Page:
I've not had a true Easter in several years. Because Easter isn't a federal holiday, I've been behind the computer screen, preparing the Monday edition of the Lake Sun the past few Easters. Before that, I missed Easter with the family for a variety of reason. I was busy, I had to stay at school, I was traveling and the like.
I’ve not had a true Easter in several years. Because Easter isn’t a federal holiday, I’ve been behind the computer screen, preparing the Monday edition of the Lake Sun the past few Easters. Before that, I missed Easter with the family for a variety of reason. I was busy, I had to stay at school, I was traveling and the like.
It wasn’t always like that.
As a child, Easter was one of the few holidays that gathered the entire family together. And it was one of my favorites, everyone in their Easter finest for church and usually in a cheery, familial spirit.
We would congregate at my grandparent’s two-bedroom home south of St. Louis — a small place to host all my cousins, aunts and uncles and anyone else who showed up.
After church, we would gather around the dining room table, grandpa saying a prayer before digging in. My cousins snatched up the usual ham and headed to the basement, no more room at the dining table for us. There, we would laugh and joke and make bets on the typical family easter egg hunt.
Back then, there weren’t really many small children, so the adults did the hunt. And we did it big. Eggs in the gutters of the detached garage was a normality.
One year, the family searched for what seemed like hours for one missing egg, only to find that it had been buried in the hole of the post for the swingset.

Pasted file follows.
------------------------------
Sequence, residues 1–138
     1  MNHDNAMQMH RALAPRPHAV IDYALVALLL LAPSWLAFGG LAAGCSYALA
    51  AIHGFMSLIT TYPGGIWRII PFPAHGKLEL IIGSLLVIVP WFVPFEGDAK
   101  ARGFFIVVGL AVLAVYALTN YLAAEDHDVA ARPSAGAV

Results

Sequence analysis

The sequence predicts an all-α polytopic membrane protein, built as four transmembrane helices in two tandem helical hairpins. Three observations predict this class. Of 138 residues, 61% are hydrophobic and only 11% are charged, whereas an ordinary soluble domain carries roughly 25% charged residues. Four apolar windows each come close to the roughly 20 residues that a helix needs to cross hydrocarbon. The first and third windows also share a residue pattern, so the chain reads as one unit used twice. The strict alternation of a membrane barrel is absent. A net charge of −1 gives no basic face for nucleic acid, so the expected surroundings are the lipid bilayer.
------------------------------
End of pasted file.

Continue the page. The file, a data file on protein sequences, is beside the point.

It wasn’t uncommon to climb to the top of the small peach tree in the backyard before it was removed. But the peach tree is gone.
Now, the swingset is gone too. So is the old picnic table. Everything has been removed from the old garage, including the car.
We haven’t held Easter at my grandparents home in years — at least since my grandpa died in 2005. We’ve added several children and in-laws to the clan, necessitating a much larger host for the holiday.
Those who live out of town don’t always make the trip to St. Louis anymore. And my grandmother — who was always bustling about Easter Sunday, preparing food, seeing that everyone’s needs were taken care of — rarely leaves her house anymore. She’ll be 91 this year and with bad knees and eyesight that’s worse than ever, an Easter trip to one of her grandchild’s home is a lofty undertaking.
If you’ve ever read my column before, a common theme has been change and the passage of time and how one handles those things. It’s uncomfortable and sad for many people to relive happy times in his/her life, especially when those happy times are gone.
Reflecting on Easters past reminds me of how I ache for the time when my cousins and I would eat our ham and rye bread and potato salad in the wood-paneled basement of my grandparents house. Or how excited I would get over the competitive egg hunt, my cousins blocking the way down the backyard stairs as they scoped out the yard for their prizes. Or my grandmother’s ability to move nimbly around the house as the caretaker of the family.
But times change, my cousins all have families and homes of their own. Grandma requires more care than she’s able to give others and I haven’t been to an Easter holiday in years.